2. The team server now uses a safe path concatenation function throughout its codebase. This function compares the canonical paths of the parent and candidate result to make sure the result doesn’t break out of its parent.
3. This release adds a host_stage option to Malleable C2. This option controls whether or not Cobalt Strike hosts Beacon stages for download over HTTP, HTTPS, and DNS. If set to false, staging functionality will be unavailable, but this is useful for teams with a no-network staging policy.
4. The team server now refuses to process a session if any of its metadata fails validity checks. This is a minor improvement on the changes made in Hot Fix 2.
5. The team server now denies new sessions with no prior tasks access to most response directives.
Update Advice (for those with Live Sessions)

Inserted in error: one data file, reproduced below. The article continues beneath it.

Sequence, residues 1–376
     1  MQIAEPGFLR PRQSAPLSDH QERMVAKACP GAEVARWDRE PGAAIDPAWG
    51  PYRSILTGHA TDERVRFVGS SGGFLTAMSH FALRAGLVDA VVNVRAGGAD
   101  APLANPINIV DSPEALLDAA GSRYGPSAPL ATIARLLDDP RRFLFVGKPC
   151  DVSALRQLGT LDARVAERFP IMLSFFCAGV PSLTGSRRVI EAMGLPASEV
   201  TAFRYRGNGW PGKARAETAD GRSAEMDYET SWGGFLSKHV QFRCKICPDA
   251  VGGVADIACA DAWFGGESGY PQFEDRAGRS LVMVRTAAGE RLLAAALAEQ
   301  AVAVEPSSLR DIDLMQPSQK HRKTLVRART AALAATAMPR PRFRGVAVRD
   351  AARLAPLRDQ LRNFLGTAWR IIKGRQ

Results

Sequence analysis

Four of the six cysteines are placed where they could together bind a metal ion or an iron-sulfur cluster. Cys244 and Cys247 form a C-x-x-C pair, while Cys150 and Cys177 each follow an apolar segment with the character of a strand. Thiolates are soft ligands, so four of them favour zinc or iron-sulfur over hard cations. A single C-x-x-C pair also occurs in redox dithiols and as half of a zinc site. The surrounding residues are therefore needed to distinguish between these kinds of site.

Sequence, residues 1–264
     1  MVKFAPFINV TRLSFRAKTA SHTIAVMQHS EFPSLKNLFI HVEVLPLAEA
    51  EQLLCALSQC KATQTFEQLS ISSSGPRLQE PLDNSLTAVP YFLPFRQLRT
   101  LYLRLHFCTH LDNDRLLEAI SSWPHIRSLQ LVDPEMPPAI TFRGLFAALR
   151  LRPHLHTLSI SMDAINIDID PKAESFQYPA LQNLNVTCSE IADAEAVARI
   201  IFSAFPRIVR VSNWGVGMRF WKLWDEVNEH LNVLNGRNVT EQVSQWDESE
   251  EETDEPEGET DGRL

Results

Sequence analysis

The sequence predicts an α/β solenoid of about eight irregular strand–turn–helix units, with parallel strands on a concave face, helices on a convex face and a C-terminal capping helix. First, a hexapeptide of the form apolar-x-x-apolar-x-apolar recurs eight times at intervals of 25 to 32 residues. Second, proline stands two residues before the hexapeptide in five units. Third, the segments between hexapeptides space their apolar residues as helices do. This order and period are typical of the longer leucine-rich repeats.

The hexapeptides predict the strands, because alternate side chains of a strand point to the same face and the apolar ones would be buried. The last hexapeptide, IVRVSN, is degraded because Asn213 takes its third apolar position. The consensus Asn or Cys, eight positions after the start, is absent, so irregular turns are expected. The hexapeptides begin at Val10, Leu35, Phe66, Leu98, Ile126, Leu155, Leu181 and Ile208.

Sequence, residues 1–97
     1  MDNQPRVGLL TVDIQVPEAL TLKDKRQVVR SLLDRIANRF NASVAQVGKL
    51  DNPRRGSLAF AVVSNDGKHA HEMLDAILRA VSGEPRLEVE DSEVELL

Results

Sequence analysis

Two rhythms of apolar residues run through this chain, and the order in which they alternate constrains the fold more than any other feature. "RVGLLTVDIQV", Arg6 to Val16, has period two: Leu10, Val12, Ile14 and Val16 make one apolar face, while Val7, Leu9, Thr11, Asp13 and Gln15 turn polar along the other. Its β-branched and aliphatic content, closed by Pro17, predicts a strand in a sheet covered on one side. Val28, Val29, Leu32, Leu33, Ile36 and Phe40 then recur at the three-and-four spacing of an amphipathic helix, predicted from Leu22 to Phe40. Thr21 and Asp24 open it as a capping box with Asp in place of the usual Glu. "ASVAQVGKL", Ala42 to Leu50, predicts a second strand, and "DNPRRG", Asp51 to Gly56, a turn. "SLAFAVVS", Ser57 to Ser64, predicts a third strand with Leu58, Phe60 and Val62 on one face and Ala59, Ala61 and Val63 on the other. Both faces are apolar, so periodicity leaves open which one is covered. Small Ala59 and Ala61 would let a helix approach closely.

If you have live accesses and can’t afford to lose control of them, then you’ll want to approach an update with caution.
If you have Cobalt Strike 3.2 and below with live sessions, do not update the team server in place. The 3.5.1 team server cannot control Beacons in 3.2 and below. Migrate your accesses to a new server with 3.5.1.
If you have Cobalt Strike 3.3 with live sessions, you may stop your team server and update in place. After this update, you should migrate accesses to new infrastructure.
If you have Cobalt Strike 3.4 or 3.5 with live sessions, then you may stop your team server and update in place to 3.5.1. Cobalt Strike 3.5.1 can control sessions from 3.4 and 3.5 with little or no impact. The ssh and ssh-key commands will not work in Beacons from Cobalt Strike 3.4.
To verify that you have Cobalt Strike 3.5.1, go to Help -> About. The software will report version 3.5.1.